4. Saint Richard's Walk Cathedral View
Exact location: Saint Richard's Walk (Canon Lane) | 50°50'07.4"N 0°46'52.4"W
Camera settings: Sony a7r II | Sony FE 24-240 (24mm) | 1/15 at f/8.0 | ISO 100
Date & Time: 27/05/2020 @ 19:36
We are now moving to the south of the cathedral, focusing on two famous compositions spots. The first one is at the end of the "hidden" Saint Richard's Walk, a historical path that connects the Cathedral's Cloisters with the Deanery and Canon Lane. The composition here is simple but very powerful. The key is to use the path (and the walls) as a leading line towards the cathedral. Make sure that you fit the whole cathedral into the frame (including the spire). Although you can capture this spot all year round, it does have a unique feel during spring and summer when there are flowers alongside the walk.
This spot will not require any special equipment, and you will be able to take amazing pictures even with a standard lens. Depending on the size of your lens, you can move back and forwards to make sure you fit as much of the cathedral into your frame as possible while keeping an eye on the leading lines.
Pro tip: This photography spot, like many others, looks the best around the golden hour/sunset time. We know that it's not always possible to be at every location at the perfect time, but some places are just worth the effort. And for the best possible planning, we recommend using the Golden Hour app (Android | iPhone)
5. Bishop's Palace Gardens Cathedral View
Exact location: Bishop's Palace Gardens | 50°50'09.2"N 0°46'59.5"W
Camera settings: Sony a7r II | Sony E 24-240 (24mm) | 1/40 at f/11 | ISO 100
Date & Time: 27/04/2020 @ 18:06
Our final spot is located in the beautiful Bishop's Palace Gardens. This spot is worth the visit even if you don't have your camera with you. It is probably the most known and recognised view of the cathedral used in magazines and books. The best spot for the cathedral captures is here (50°50'09.2"N 0°46'59.5"W). It is a spot with plenty of grass and many flowers that you can as a foreground. Again, the idea is to create something similar to the frame-in-frame composition while placing the cathedral in the centre of your composition and then navigating the trees on the left and right to create a balanced composition. It will take a little bit of navigating, but it will be worth the effort once you find the spot. Finally, remember that the Bishop's Palace Gardens close at sunset and open at sunrise or after 8 AM, like most public gardens.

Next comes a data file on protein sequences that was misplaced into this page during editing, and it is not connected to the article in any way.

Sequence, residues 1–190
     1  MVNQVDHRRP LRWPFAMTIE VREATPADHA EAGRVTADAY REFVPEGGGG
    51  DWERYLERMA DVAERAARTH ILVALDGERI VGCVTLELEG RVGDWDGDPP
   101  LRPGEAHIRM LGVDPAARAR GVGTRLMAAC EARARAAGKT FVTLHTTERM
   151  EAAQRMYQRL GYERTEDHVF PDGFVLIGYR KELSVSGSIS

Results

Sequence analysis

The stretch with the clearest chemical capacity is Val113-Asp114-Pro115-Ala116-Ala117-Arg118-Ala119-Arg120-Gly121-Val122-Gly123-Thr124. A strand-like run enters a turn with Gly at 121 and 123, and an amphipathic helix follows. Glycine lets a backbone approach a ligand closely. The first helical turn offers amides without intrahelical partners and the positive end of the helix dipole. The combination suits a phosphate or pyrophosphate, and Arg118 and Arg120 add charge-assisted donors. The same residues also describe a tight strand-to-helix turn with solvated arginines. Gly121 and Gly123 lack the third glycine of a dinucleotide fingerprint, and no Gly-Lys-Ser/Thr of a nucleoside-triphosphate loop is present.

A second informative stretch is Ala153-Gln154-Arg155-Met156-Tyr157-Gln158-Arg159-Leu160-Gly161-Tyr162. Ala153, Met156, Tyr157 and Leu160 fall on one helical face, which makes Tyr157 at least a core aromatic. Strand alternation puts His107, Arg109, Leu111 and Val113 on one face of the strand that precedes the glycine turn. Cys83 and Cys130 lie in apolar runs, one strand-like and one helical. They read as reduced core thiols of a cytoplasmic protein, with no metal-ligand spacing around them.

This spot, just like the previous doesn't require any special gear. You will once again be able to take beautiful pictures with a simple standard lens as there is plenty of space to navigate around, and the cathedral is at a reasonable distance.
Pro tip: The weather is a crucial element for photography, and although you can capture this photography spot any time of the day, it benefits from a clear sky or a lovely warm golden hour. Professional photographers constantly watch the weather forecast, as getting out in ideal conditions can take your photos to the next level. Luckily for us, several helpful weather apps (free and paid) help predict those ideal conditions. While no app or forecast is foolproof or perfect, we have created a list of the five favourite apps we use to plan our photography adventures. You can check the list here.
Bonus - Pallant House Gallery Cathedral View
Exact location: North Pallant Street | 50°50'06.6"N 0°46'40.7"W
Camera settings: Sony a7r II | Sony E 12-24 (12mm) | 1/60 at f/6.3 | ISO 100
Date & Time: 05/05/2020 @ 19:05
We have a little bonus photography spot inspired by Russell Daniels. The spot is located in the famous Pallant House Gallery in Chichester. From there, you will see Chichester rooftops and the cathedral beautifully framed by a window at the gallery. Sadly, it isn't available all the time as it depends on the current exposition and the obstruction of the window. However, we felt it is an excellent bonus location to keep in mind next time you visit the gallery.
You will be OK with your standard gear; however, depending on the light, you may be required to use bracketing and simple HDR to capture details in the room and outside. You can do this automatically on most cameras, but you can also capture three photos with -1, +1 and 0 exposure and stitch them together later in post-processing.
Pro tip: In photography and videography, HDR or high-dynamic-range imaging is the set of techniques used to reproduce a greater range of detail and light than what is possible with standard photographic methods. Traditional techniques allow differentiation only within a specific range of brightness. Outside this range, no features are visible because, in the brighter areas, everything appears pure white and pure black in the darker areas. HDR helps record many real-world scenes containing very bright, direct sunlight to intense shade or very faint nebulae. High-dynamic-range (HDR) images are often created by capturing and then combining several different, narrower range exposures of the same subject.
And that's the end of this blog post. What do you think? Did we miss any photography spots, or have you captured some of them and want to share your result with us, simply contact us on our email: email@example.com
See you next time.